The pension funds of tens of thousands of Long Islanders who work for New York City are the stakes of a plan by Mayor Bill de Blasio to shed billions of dollars in gas and oil holdings as a stand against climate change.
In January, Democrats de Blasio and Comptroller Scott Stringer, who administers almost $200 billion in five funds, set the wheels in motion for divestment. The mayor laid out what he described as a two-pronged attack on the fossil-fuel industry to save the environment: The divestment plan and a lawsuit against five major oil companies that sought billions of dollars in damages to pay for the effects of rising sea levels, coastal flooding and the like.
Not only do fossil-fuel companies hurt the environment, argue de Blasio and Stringer, oil and gas holdings are simply bad long-term investments. “Broken and dying” is how the mayor has described the industry. Three of the city’s five pension funds are on board and considering the plan, and two have declined to participate.
The plan, though, can’t go anywhere without the formal approval of the funds’ trustees, who are charged with protecting the workers’ financial interests. They have commissioned studies to determine whether the funds would grow, shrink or stay the same and how or whether to divest. To go forward, they must show how the funds’ returns would essentially remain unchanged or increase.
The trustees’ decision over the soundness of divestment becomes even more charged because the state constitution guarantees the full pension benefits to all retirees.
“If the pension fund doesn’t earn enough money, the legislature is going to have to tax the citizens more,” said Dick Ravitch, a fiscal watchdog and former lieutenant governor, who doesn’t oppose divestment.
The push-pull involving politics and how to invest government pensions isn’t exclusive to New York. From California to Massachusetts, environmentalists are pressuring public pension funds to dump fossil-fuel holdings with the idea that divestment will help force energy companies to stop polluting the water, air and land.
For two Long Islanders with city pensions, the choice is clear. Vincent Galante of Bethpage, who is still on the job as a chief engineer, is against divestment. Retiree Nelly Rodriguez of Uniondale is a firm yes.
“I don’t care if it’s oil and gas stocks, I don’t care what it is. Their job is to make money for that fund. There should be no political agenda involved here,” said Galante, 54, who specializes in heating, air conditioning and ventilation systems in Manhattan.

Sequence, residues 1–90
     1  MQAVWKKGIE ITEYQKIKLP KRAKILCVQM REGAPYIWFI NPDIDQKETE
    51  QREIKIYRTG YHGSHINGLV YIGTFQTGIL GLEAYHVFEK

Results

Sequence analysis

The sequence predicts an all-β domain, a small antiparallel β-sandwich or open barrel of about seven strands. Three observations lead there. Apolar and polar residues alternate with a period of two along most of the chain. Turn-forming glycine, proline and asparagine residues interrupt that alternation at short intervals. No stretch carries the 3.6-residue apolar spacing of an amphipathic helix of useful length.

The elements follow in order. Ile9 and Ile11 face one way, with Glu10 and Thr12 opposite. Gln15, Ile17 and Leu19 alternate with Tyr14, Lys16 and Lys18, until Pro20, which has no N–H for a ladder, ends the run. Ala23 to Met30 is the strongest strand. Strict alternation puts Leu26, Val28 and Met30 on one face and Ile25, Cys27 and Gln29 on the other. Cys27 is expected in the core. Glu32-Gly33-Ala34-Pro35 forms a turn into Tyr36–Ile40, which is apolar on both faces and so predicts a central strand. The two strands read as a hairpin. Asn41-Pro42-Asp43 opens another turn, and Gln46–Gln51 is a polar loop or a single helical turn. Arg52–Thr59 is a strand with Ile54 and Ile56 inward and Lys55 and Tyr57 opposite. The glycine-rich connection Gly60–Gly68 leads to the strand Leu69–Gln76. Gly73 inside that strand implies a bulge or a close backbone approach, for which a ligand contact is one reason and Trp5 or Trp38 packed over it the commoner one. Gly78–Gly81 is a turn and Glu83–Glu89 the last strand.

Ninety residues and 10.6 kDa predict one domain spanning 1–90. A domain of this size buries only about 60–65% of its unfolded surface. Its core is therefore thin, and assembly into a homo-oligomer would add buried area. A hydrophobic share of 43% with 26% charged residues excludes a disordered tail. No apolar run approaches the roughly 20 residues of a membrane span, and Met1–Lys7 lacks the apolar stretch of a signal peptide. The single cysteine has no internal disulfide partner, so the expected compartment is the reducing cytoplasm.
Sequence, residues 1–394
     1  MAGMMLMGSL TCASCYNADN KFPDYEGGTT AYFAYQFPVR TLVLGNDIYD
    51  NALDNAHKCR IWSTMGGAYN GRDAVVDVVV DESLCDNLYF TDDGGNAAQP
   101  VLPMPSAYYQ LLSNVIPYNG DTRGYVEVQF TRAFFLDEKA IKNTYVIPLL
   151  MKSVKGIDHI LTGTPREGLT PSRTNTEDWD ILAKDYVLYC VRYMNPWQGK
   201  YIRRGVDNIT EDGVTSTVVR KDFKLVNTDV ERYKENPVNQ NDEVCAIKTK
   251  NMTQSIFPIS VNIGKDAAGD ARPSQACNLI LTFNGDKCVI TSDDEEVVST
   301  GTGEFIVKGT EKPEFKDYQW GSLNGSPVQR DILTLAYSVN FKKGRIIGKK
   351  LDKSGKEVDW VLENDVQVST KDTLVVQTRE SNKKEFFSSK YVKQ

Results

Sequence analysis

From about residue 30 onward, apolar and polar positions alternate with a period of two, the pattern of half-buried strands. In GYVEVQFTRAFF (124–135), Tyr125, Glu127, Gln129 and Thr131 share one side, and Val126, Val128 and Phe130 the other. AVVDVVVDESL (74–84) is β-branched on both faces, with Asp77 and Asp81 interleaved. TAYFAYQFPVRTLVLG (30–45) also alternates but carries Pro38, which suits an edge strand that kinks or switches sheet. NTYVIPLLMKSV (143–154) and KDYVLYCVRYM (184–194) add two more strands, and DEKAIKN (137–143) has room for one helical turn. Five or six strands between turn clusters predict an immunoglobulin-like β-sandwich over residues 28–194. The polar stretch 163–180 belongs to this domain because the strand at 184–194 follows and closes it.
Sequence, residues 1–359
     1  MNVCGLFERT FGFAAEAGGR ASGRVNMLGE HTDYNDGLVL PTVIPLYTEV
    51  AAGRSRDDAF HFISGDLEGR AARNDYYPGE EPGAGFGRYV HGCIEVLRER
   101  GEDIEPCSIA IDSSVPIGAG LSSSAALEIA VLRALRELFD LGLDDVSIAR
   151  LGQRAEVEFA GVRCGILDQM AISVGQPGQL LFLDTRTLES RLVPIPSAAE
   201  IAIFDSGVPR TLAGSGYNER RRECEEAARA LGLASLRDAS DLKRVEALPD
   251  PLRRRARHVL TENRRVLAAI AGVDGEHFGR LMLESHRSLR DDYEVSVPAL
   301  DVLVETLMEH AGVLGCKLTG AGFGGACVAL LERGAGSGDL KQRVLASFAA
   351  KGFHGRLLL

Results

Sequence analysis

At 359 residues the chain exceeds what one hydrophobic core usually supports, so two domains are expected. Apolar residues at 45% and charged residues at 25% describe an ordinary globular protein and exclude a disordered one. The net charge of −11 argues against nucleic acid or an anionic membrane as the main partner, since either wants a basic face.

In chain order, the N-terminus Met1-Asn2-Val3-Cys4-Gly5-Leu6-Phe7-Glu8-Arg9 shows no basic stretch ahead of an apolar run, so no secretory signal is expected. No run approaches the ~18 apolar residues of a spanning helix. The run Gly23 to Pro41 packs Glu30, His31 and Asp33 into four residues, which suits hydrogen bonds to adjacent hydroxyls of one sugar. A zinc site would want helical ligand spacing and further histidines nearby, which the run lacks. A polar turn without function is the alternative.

Rodriguez, 63, who retired last year after 40 years as a social services timekeeper and payroll worker, thinks the city can both take a stand and make a smart investment.
“With this global warming that is happening — with the floods and all the stuff that we’ve been getting lately, all the disasters — my funds should be invested into the good energies, the green energy,” Rodriguez said. “Not only would it make more money, I feel like it would be better for the environment.”
The city has one of the largest pension portfolios in the world, with a value of $197.8 billion, according to the city comptroller’s office. Of the city’s roughly 384,000 municipal employees, about 338,000 — 88 percent — belong to one of the city’s five retirement funds, according to the Department of Citywide Administrative Services. The funds are police; fire; two for public school teachers and support staff; and one for all the other municipal workers, from secretaries and accountants to groundskeepers and librarians. The others opted out or have other retirement arrangements, according to the mayor’s office.
De Blasio’s predecessor, Mayor Michael Bloomberg, got the ball rolling on climate change when he launched major initiatives in 2007 to fight global warning and to plant a million trees in a decade. De Blasio picked up the mantle when he took office in 2014. He promised the city would reduce greenhouse emissions by 80 percent by 2050 and start a green building plan.
“Climate change is an existential threat to New Yorkers and our planet. Acting now is nothing short of a moral imperative,” de Blasio said when he unveiled the emissions initiative. “New York City must continue to set the pace and provide the bold leadership that’s needed.”